abstract details

The summaries are free for public use. ARTHROS will continue to add and archive summaries of articles deemed relevant to ARTHROS by our Faculty.

Treatment Outcomes of Anti-Neutrophil Cytoplasmic Autoantibody-Associated Vasculitis in Patients Over Age 75 Years: A Meta-Analysis


Morris AD1, Elsayed ME2, Ponnusamy A2, Rowbottom A3, Martin F4, Geetha D5, Dhaygude AP2. Am J Nephrol. 2020 Mar 11:1-9. doi: 10.1159/000506532. [Epub ahead of print]

Author Information

1 Renal Medicine, Royal Preston Hospital, Preston, United Kingdom, a.morris@doctors.org.uk.

2 Renal Medicine, Royal Preston Hospital, Preston, United Kingdom.

3 Department of Immunology, Royal Preston Hospital, Preston, United Kingdom.

4 School of Pharmacy and Biomedical Sciences, University of Central Lancashire, Preston, United Kingdom.

5 Department of Medicine, Johns Hopkins University, Baltimore, Maryland, USA.



The benefits of treating anti-neutrophil cytoplasmic autoantibody-associated vasculitis (AAV) in advancing age remains unclear with most published studies defining elderly as ≥65 years. This study aims to determine outcomes of induction immunosuppression in patients aged ≥75 years.


A cohort of patients aged ≥75 years with a diagnosis of AAV between 2006 and 2018 was constructed from 2 centres. Follow-up was to 2 years or death. Analysis included multivariable Cox regression to compare mortality and end-stage renal disease (ESRD) based on receipt of induction immunosuppression therapy with either cyclophosphamide or rituximab. A systematic review of outcome studies was subsequently undertaken amongst this patient group through Pubmed, Cochrane and Embase databases from inception until October 16, 2019.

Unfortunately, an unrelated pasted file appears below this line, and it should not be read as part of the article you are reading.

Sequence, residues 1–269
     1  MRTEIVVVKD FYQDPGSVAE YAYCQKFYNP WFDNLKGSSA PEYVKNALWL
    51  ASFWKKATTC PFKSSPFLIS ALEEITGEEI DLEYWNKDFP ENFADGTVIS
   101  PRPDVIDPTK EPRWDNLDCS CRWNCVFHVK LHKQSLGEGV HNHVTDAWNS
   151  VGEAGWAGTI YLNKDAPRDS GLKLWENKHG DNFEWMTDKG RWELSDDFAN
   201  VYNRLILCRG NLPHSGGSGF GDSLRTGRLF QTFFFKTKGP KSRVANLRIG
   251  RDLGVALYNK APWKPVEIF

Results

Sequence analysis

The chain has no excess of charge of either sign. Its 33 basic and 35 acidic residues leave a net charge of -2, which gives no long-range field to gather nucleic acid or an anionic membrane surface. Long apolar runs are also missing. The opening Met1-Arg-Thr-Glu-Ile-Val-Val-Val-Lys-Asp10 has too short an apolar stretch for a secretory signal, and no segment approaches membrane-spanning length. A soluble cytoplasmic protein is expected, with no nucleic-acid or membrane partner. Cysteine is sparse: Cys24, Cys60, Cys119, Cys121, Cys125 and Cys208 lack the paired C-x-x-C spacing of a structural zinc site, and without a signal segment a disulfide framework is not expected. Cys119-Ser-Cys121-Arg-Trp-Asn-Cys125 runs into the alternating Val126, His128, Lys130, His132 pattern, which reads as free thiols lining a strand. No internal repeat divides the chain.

Sixty-seven patients were identified. Mean age was 79 ± 2.9 years and 82% (n = 55) received induction immunosuppression. Following systematic review, 4 studies were eligible for inclusion, yielding a combined total of 290 patients inclusive of our cohort. The aggregated 1-year mortality irrespective of treatment was 31% (95% CI 25-36%). Within our cohort, induction immunosuppression therapy was associated with a significantly lower 2-year mortality risk (hazard ratio [HR] 0.29 [95% CI 0.09-0.93]). The pooled HR by meta-analysis confirmed this with a significant risk reduction for death (HR 0.31 [95% CI 0.16-0.57], I2 = 0%). Treated patients had a lower pooled rate of ESRD, but was not statistically significant (HR 0.71 [95% CI 0.15-3.35]).


This meta-analysis suggests that patients ≥75 years with AAV do benefit from induction immunosuppression with a significant survival benefit. Age alone should not be a limiting factor when considering treatment.